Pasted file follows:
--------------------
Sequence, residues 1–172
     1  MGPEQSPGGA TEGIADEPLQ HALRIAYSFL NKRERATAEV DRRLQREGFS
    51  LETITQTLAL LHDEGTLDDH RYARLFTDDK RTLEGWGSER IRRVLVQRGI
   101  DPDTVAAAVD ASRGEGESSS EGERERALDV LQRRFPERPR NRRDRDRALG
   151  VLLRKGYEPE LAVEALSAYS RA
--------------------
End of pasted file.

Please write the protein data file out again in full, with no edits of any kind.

Sequence, residues 1–172
     1  MGPEQSPGGA TEGIADEPLQ HALRIAYSFL NKRERATAEV DRRLQREGFS
    51  LETITQTLAL LHDEGTLDDH RYARLFTDDK RTLEGWGSER IRRVLVQRGI
   101  DPDTVAAAVD ASRGEGESSS EGERERALDV LQRRFPERPR NRRDRDRALG
   151  VLLRKGYEPE LAVEALSAYS RA